The February 15, 2007 date does not just apply to electronic cigarettes; it applies to all new tobacco products. If the FDA allows an exception for electronic cigarettes it may also be opening the door to a litany of additional tobacco products. The FDA would become alarmingly overburdened as it attempts to enforce the mandate of the Tobacco Control Act that was first introduced to the 110th Congress on, of course, April 15, 2007.
This date was not randomly chosen, it was tied to the legislative act under which e-cigarettes are destined to become regulated. There’s more. When the Tobacco Control Act was finalized and signed into law June 2009 as the Family Smoking Prevention and the Tobacco Control Act, many critics began referring to the legislation as the Marlboro Protection Act precisely because of that February 15, 2007 cut-off date for grandfathering of existing products. In other words, Marlboro’s parent-company, Altria, has a powerful and effective lobby.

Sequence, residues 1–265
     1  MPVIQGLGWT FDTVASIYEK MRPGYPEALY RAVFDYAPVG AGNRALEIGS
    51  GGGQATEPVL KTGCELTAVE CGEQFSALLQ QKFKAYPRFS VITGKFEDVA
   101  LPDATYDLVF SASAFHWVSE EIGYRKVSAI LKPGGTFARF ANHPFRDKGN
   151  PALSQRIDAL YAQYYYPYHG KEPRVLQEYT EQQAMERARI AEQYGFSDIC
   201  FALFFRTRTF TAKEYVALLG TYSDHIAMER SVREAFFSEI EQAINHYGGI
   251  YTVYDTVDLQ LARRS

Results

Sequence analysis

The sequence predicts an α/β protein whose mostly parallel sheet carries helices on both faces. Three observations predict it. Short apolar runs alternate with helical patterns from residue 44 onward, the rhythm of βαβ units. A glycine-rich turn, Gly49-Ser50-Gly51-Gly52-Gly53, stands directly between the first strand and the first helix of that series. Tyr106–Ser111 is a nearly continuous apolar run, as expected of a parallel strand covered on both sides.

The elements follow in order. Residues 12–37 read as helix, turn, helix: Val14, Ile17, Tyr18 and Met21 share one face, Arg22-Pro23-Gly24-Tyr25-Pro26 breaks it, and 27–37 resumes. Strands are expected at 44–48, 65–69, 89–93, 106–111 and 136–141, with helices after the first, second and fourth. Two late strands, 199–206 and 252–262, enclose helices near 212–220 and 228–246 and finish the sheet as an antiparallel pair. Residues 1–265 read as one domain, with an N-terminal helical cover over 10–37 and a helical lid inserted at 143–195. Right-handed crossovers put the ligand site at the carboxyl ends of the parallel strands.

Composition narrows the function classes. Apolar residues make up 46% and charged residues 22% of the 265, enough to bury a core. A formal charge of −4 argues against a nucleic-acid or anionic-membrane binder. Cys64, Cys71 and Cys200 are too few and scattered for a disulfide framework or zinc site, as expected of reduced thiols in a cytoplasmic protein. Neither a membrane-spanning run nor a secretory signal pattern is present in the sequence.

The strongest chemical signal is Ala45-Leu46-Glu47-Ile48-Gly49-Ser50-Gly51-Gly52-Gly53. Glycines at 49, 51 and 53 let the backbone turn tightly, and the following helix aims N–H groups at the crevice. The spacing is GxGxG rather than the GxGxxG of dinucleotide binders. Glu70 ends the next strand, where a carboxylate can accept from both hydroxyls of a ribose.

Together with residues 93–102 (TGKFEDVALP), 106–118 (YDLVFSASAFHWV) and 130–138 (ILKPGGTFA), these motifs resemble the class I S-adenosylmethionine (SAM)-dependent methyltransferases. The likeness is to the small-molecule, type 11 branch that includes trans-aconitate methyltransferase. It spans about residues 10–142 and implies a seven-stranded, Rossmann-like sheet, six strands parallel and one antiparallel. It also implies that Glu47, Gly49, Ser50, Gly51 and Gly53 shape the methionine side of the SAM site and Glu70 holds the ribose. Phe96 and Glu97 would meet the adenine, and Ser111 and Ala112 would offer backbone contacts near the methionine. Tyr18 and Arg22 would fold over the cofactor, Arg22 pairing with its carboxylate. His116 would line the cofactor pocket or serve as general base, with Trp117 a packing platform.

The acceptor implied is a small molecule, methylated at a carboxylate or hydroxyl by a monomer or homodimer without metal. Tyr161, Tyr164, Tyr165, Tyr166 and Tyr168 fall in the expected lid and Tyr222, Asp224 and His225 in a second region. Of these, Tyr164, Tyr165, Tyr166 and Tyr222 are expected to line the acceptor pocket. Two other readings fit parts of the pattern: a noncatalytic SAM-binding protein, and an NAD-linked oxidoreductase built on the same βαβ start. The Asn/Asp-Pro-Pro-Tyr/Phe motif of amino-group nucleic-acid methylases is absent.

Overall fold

The behind-the-scenes machinations cannot truly be detailed but much can be inferred from the results. This is typical of the constant dance between lobbyists, regulators and politicians. This dance has been going on since the first democracy and the music is still going strong today. In this case, while the FDA can technically exercise discretion over the February 15, 2007 date, there are other powerful influences at play.
Ultimately, given that Altria made a seven-figure offer to acquire the predicate product, deriving conclusions becomes a less-than-complex task. The predicate product could very well be the ecig industry game-changer, with huge ramifications for anyone and everyone in the business.
UPDATE: The FDA regulations have moved forward without the introduction of the predicate product.
Several leading ecig companies are fighting the stifling regulations. We believe in supporting the companies that are stepping up to the plate and fighting for your right to be smoke free with vapor. The first to step up to the fight was Halo Cigs and Nicopure.